Kind of boring over here at the infusion center this morning so I thought I would blog about some new things we learned today that I will use to help get through the chemo.
First. got my PICC line retainer cleaned. This is done by the pros. If you screw this up, your PICC line can slip out and if you get some bugs into your vein, that can also be A Bad Thing. It's no big deal but you want someone with good manual dexterity and experience doing this. Here's a picture of what the PICC line looks like naked - just a plastic tube sticking out of my arm.
I did have a thought of ripping it out and running out of the building. "I'm breaking out! Enough of this sh_t! I can still probably outbike everyone in this room so I'm gonna take a flyer!" Of course, that's not a terribly mature thing to consider and because I've attained such levels of maturity over the last 13 weeks (right....), I refused the temptation to yank the line out. Plus, Susan would have probably tripped me and sat on my head until I came to my senses. Gotta love that wing-woman!!!
We had a nice session with a PA this morning and talked about some nutritional things I can do to help ease some of my GI woes. I'm going to start some probiotics that will help replace some of the good flora that should be in my intestine but are getting nuked by the antibiotics I'm on. We also talked about different types of beans - apparently some of the larger beans can get mushy in your gut and are harder to digest than smaller beans like legumes and peas. She also said that soy can be hard to digest so given that Susan has had some trouble with soy we'll probably minimize soy in my diet.
I've had a bit of tenderness under my armpits so I had her check those lymph nodes. Since they haven't shown up as being active on the PET scans, the thought is that these are sore from processing some of the backed-up lymphatic fluid from the nodes that have old (dead!) cancer cells in them.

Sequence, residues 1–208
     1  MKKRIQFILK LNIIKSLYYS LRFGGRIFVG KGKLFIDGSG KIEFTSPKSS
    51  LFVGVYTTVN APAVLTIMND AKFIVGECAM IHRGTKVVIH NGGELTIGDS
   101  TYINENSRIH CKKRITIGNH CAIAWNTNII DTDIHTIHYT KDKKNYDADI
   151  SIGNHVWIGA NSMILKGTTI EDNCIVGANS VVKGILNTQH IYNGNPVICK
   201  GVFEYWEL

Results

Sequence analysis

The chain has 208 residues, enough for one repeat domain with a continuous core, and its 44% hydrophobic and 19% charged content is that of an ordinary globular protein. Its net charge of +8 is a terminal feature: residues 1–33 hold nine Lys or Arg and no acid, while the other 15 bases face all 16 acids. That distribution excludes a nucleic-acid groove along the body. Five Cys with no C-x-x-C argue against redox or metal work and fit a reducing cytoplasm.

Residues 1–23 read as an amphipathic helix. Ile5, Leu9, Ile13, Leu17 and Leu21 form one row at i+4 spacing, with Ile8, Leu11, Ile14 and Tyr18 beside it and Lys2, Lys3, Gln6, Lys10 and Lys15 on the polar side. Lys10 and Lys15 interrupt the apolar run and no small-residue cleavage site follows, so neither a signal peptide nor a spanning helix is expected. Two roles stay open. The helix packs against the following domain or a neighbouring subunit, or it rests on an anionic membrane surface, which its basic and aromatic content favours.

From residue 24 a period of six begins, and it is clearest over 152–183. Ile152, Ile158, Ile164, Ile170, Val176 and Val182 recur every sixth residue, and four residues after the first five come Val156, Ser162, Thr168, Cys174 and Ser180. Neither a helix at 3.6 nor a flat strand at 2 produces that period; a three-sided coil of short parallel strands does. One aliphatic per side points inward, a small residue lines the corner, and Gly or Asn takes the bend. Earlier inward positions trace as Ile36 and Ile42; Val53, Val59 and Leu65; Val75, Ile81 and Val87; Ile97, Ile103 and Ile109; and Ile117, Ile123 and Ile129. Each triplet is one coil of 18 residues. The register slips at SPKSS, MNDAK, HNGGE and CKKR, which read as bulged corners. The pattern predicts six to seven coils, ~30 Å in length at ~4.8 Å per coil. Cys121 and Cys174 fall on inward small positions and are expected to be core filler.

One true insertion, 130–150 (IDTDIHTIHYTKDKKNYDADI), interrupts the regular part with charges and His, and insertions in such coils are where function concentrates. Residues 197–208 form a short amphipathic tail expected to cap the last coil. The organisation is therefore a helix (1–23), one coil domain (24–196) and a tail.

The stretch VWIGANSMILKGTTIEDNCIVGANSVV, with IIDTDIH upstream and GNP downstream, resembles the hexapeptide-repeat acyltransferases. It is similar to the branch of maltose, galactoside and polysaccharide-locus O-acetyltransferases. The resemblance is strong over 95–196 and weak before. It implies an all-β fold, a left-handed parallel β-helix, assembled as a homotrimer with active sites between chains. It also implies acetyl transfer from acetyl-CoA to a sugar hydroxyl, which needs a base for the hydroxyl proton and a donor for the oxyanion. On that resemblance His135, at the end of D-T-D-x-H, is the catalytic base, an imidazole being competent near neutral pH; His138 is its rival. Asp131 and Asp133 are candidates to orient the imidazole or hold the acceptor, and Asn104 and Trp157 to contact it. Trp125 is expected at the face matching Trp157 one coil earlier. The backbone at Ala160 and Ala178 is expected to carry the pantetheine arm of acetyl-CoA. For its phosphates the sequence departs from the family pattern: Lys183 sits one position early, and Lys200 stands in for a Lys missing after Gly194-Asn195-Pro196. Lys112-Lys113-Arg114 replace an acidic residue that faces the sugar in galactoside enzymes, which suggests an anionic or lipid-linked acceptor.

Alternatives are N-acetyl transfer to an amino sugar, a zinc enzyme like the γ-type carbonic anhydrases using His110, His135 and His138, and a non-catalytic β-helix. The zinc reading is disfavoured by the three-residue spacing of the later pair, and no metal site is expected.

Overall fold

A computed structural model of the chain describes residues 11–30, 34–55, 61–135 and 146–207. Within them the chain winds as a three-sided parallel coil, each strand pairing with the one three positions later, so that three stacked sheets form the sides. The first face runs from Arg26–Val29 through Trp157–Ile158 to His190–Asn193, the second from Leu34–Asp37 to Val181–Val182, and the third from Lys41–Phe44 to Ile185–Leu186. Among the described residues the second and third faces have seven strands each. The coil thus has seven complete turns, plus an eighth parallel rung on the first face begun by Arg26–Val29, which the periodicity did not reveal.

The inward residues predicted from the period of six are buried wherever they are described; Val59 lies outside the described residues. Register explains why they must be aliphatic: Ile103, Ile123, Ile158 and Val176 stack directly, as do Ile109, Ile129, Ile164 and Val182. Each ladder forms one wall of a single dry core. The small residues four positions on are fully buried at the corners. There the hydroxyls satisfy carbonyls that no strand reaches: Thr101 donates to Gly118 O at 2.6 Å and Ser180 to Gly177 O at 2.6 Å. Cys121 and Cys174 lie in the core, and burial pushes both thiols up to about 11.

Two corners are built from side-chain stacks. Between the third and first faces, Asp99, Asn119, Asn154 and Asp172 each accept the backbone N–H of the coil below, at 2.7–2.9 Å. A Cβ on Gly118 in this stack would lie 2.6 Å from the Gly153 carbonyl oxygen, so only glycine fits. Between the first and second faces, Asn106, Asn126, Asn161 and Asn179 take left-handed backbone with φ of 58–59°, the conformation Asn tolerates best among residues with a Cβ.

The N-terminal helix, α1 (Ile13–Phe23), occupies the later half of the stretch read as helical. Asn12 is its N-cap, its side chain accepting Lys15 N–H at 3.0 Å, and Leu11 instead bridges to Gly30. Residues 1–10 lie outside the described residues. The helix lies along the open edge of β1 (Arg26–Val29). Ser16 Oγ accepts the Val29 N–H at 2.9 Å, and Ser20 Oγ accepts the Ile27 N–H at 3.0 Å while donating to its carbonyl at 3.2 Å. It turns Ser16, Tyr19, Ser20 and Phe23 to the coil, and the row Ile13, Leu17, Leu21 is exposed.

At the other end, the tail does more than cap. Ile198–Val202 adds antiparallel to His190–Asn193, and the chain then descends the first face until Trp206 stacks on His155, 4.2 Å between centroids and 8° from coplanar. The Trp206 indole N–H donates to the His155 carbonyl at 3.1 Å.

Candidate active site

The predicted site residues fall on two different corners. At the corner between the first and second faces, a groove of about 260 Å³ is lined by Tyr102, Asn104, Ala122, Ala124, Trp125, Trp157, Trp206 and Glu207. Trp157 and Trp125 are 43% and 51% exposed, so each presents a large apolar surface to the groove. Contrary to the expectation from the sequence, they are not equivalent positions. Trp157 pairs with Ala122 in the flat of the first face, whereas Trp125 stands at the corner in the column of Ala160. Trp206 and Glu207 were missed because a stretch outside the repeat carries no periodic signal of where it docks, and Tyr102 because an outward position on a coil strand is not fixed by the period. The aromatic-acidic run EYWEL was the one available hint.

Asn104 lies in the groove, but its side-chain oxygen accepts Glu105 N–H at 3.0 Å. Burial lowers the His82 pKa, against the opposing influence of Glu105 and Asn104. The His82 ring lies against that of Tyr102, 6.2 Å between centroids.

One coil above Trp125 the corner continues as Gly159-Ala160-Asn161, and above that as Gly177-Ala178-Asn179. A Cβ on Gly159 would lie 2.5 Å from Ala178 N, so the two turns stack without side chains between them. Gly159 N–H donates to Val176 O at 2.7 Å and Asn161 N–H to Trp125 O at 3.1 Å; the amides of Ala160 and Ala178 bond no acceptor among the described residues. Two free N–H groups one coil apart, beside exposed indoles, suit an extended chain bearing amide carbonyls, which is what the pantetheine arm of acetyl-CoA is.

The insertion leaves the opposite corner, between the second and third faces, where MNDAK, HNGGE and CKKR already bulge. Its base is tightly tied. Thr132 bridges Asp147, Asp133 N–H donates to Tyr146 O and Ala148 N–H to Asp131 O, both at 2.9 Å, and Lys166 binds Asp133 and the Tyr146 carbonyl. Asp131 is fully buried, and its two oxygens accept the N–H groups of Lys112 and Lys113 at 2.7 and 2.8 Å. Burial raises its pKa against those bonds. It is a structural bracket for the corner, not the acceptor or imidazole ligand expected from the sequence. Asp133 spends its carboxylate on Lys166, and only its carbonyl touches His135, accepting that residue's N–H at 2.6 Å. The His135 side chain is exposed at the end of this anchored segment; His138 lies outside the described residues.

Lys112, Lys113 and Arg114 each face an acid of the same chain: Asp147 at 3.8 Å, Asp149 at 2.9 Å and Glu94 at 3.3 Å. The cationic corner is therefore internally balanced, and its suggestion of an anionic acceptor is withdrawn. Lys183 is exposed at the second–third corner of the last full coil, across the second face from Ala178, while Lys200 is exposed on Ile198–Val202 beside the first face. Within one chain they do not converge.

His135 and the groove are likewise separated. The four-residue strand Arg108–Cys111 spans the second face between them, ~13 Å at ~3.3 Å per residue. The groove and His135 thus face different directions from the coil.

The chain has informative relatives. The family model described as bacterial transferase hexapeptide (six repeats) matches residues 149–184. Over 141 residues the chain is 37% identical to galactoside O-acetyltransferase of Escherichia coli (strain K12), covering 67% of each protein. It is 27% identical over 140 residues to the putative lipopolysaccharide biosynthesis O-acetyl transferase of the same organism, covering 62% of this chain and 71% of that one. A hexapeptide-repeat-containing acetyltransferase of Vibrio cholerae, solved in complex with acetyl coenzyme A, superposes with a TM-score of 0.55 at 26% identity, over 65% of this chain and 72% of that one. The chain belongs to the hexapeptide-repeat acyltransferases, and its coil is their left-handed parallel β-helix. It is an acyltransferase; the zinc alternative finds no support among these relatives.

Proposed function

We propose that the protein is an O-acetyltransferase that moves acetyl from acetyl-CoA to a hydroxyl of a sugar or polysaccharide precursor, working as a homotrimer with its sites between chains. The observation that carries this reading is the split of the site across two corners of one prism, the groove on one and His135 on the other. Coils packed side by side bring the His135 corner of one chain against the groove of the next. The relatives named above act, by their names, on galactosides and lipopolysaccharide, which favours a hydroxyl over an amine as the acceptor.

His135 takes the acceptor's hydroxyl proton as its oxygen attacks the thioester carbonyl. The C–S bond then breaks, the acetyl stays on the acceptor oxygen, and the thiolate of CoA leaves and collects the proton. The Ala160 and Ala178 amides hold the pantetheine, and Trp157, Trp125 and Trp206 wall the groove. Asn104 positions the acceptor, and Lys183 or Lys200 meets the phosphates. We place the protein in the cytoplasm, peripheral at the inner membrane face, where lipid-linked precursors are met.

And hey, if you want to talk about courage. Bringing that kind of thing up takes A LOT of courage. What if it's cancer manifesting itself in new nodes that is resistant to the chemo? What do we do then? Do I want to know the answer to that question? But if you don't say anything and it turns out to be something that kills you, you would feel like A Major Dumb-Ass on your deathbed thinking "if I had just said something, maybe this could have been fixed." So, I brought it out in the open and we're pretty sure it's not a sign of more malignancy. It's that kind of Shit that Rocks Your World. Heavy duty moments, to be sure.
Next, my weight. It's been a rock solid 186 with my clothes on, not varying more than 1/5 of a pound over 16 weeks. How weird is that? With all the strangeness going on in my GI tract and varying amounts of exercise, energy and chemo med levels, tumor growth, etc. it just seems totally bizarre to me that my weight would be that constant. I guess something inside of me really, really wants to weigh 186 lbs. So I've given up trying to eat more to keep my weight up. Just going to keep trying to eat healthy and keep things flowing through me ok.
More details - last time my blood pressure was up a bit but today it was super normal. Good news there. Would hate to get cured of cancer and then drop dead from some hyper-tension related event.
Blood chemisty news - things are starting to slide down again. Since I'm being optimistic today, I'll say that this is a great sign that the ABVD is really targeting rogue white cells (from which Hodgkins starts) and blasting them and some other WBCs are just suffering collateral damage. Hopefully the downward slide won't be too traumatic and I can avoid/postphone any more neutrogen. I'm at an ANC count of 1070 today. Below 1,000 is the general threshold of being at risk of infection, < 500 is pretty serious and I was at 360 when we decided to do the neutrogen
Next, I was talking about how exercise has been such a good part of my managing my treatment. Got a pointer to an interesting article in the NY Times (here) that talk about a potential genetic inclination to exercise. Interesting! So now I have an excuse to use when folks tell me I should mellow out a bit during my chemo treatment. I can't! It's not that I'm being a dumb-ass; this behavior is coded into my DNA. Yeah, I like that excuse...
Finally, I'm getting a bit of tingling in my fingers - peripheral neuropathy. This can happen to diabetics but can also be caused by chemo. I'm going to start taking something to battle that (alpha-lipoic acid). If left untreated, this can progress and you can lose feeling in your fingertips so it's definitely something to stay on top of.
But in general, things are still on track!
Ok, I'm done with infusion #7; time to catch up on some work. Another mini-milestone passed. Yeah!